On February 28, Peterborough local, and musician Nicholas Ferrio submitted a letter to the Peterborough Folk Festival’s (PFF) Board of Director’s Chair, Malcolm Byrd, announcing his resignation from his position as Artistic and Executive Director.
During Ferrio’s time with the PFF, he increased the initiatives funding by 25% by finding $16,100 in previously unexplored municipal and provincial resources, and by applying various fundraising strategies.
The Festival takes place every August at Nichols Oval Park, and features prominent local and nation-wide musicians. It’s run mostly by volunteers, who are then led by a governing board of directors.
I spoke with Ferrio about his experience working with the PFF, and gained insight into what led to his decision to resign from his position.
His resignation letter read, “On February 22, 2015, the board presented me with a contract for the position of Executive Director for $3,000… and a contract for the Artistic Director position for $1,000. Both of these contracts offers came with the expectation that I would complete the same amount of work I did in previous years for far less compensation.”
Conveying his emotions towards his departure from the PFF, Ferrio told me, “I came to Peterborough in 2006, and found the festival, which I immediately knew I wanted to be a part of it for a long time. It’s been emotionally exhausting to have this forced away; I didn’t have an option but to move on. Part of the reason I resigned was due to the board’s lack of communication. They didn’t respond to numerous requests that had an effect on the festival, and grants that could have helped the festivals budget were ignored.”
Poor communication is a major concern Ferrio has with the board, who he believes has missed key funding opportunities by ignoring requests and grants that the festival is eligible for.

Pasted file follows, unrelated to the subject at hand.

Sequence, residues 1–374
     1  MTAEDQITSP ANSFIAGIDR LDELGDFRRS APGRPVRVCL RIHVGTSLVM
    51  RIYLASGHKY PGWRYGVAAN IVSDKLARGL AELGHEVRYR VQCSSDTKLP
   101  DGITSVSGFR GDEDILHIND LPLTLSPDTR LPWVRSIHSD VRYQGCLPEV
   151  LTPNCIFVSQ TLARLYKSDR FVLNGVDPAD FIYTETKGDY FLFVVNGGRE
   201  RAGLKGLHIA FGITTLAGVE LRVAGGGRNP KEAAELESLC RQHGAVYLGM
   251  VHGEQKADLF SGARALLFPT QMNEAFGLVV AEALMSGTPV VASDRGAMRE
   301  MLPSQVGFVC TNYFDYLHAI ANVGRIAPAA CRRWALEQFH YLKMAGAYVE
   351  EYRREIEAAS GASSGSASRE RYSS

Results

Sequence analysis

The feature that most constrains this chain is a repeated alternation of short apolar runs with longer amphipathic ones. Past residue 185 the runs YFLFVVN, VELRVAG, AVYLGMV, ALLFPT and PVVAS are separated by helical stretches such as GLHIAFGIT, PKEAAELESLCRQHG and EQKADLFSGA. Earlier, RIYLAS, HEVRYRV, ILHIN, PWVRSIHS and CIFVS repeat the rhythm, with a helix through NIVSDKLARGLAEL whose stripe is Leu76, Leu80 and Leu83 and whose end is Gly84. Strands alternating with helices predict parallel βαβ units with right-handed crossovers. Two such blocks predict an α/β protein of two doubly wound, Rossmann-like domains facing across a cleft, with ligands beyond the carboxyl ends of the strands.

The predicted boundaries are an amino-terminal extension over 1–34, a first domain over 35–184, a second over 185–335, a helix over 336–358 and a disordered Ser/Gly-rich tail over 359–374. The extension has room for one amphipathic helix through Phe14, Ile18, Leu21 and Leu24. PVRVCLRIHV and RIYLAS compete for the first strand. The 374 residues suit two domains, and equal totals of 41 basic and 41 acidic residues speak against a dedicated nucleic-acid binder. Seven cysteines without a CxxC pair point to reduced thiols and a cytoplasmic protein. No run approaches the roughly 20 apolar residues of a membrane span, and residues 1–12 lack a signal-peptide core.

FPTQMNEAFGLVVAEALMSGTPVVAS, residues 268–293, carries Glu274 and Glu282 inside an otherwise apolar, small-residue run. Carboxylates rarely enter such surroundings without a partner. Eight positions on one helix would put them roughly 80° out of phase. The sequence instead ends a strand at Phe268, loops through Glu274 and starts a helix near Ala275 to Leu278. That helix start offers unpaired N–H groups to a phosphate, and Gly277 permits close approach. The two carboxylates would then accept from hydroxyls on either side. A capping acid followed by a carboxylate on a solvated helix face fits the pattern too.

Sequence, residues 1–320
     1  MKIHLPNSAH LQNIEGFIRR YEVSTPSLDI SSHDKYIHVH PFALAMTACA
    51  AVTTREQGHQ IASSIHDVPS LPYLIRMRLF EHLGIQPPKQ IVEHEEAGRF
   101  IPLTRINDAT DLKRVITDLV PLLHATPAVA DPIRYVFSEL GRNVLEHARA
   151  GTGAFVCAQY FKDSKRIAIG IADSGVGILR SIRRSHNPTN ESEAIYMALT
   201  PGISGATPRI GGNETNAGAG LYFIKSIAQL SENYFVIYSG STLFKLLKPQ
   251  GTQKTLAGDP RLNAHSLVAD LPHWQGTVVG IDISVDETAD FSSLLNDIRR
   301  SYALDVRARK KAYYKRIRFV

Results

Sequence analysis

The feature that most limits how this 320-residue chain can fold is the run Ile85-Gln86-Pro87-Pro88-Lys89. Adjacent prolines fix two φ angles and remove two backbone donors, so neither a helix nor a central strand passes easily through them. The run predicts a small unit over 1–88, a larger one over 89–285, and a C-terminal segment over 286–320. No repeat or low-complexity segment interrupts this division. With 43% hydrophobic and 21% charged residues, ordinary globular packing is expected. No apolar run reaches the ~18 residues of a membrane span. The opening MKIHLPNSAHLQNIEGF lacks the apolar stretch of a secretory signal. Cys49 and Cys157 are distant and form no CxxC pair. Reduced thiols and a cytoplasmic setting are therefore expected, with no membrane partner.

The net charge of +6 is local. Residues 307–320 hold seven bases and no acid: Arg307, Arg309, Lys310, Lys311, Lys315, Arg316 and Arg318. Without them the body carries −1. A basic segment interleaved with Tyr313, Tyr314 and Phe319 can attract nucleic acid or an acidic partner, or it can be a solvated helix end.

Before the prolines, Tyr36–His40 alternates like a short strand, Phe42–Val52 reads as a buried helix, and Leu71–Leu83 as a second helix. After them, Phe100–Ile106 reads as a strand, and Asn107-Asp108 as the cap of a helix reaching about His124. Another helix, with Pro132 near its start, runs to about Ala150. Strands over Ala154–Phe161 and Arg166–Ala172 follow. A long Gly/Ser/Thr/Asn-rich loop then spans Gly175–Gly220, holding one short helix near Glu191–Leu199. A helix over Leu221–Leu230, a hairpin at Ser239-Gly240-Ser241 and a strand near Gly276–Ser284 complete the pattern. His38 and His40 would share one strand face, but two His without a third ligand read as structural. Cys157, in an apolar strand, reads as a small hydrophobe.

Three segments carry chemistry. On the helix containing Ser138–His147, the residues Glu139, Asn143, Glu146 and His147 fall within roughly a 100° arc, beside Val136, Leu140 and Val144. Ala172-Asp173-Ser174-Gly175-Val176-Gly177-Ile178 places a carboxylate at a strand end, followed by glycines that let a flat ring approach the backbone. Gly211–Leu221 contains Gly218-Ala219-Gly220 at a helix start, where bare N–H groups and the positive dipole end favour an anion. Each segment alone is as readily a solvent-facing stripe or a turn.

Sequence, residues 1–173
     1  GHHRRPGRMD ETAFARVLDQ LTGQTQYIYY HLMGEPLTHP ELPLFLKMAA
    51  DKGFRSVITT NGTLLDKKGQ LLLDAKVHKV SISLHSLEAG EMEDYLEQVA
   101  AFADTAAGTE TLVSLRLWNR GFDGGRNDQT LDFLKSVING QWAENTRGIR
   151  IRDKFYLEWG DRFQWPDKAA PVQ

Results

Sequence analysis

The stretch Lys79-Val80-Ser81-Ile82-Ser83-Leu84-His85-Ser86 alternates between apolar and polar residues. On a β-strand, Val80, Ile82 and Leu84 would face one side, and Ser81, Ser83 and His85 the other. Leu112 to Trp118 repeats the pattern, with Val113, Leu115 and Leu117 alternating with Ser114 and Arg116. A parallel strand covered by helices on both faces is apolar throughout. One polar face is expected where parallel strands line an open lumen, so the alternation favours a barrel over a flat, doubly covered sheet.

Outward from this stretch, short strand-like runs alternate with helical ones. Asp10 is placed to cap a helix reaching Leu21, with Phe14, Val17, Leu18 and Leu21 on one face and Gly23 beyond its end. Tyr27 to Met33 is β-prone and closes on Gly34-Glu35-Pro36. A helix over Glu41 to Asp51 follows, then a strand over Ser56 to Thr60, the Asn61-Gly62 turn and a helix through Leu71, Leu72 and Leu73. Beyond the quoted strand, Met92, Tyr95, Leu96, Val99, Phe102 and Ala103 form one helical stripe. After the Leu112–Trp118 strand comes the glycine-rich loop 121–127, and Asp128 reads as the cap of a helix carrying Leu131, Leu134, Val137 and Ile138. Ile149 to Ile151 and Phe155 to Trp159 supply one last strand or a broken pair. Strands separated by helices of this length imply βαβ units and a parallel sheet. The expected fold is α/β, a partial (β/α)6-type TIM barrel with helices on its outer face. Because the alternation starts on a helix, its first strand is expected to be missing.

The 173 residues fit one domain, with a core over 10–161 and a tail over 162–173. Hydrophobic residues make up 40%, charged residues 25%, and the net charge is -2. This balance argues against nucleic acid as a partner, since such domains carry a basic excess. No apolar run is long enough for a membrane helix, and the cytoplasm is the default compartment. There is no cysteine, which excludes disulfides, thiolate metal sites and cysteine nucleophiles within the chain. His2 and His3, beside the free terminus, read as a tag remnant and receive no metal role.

“The board acknowledged that I did a lot of work, they just didn’t seem to value the effort. They wanted me to do work with no contract. There were grants I had to write that I won’t be paid for. All the work I did will go forward as unpaid work. I believe their strategy was to not respond to me, so that I would quit.”
I asked Ferrio about the allegations of receiving abusive emails which was outlined in his resignation letter.
He explained, “A coordinator was sending ‘reply all’ email’s that were super aggressive. I felt unsafe and threatened. I brought this to the board’s attention, and they told me to draft a code of conduct document. I researched code of conduct mandates that other Canadian art organizations use, and sent it to them. They never addressed the issue. They were apathetic; it was so intense to experience this, because when I’ve had issues working anywhere else, it’s handled directly, and the board to just forget about it is disrespectful.”
Ferrio believes that the PFF’s board of directors is philosophically against paying someone to do the work required, stating, “It goes against all trends in the Canadian Arts community, I just don’t understand.”
I approached Malcolm Byrd, the Chair of the PFF, with some candid inquiries concerning the matter, and he replied, “For specific responses to your questions, we feel that our response is covered in the press release.”
While the press release does not address the claims Ferrio makes against the PFF Board, Byrd is eager to establish that the Board is moving forward with this year’s event and is seeking volunteer coordinators.
In the vein of poor communication, Ferrio relayed that any claims of physical accountability, responsible governance, violations of by-laws and Chair duties were evaded successfully by the board.
“Since I’ve resigned, I’ve had interviews with other festivals, who offer proper payment, health coverage, and dental; they treat you like a person with a job. The PFF is a lot of work, I would spend 35 hours a week working, and when it got closer to the festival, I was working full time. I make music for a living, and I get paid $3,000 a weekend at some events. Most artists get paid more than I did as Artistic and Executive Director, it just really doesn’t add up to me,” Ferrio said.
He continued, “I love this festival. I think it’s an incredible institution that deserves to be held to higher standards. I hope a bunch of amazing, and successful people get involved. I couldn’t continue to work with those people in good faith because I don’t think that they were working in good faith for the festival.”
In response to Ferrio’s resignation, the board wrote, “We extend our sincere thanks to Nick for all of his hard work over the last year and a half … Mr. Ferrio’s announcement was unexpected, but it has not prevented or deterred the board of organizations membership from continuing to plan and organize the 26th annual festival.”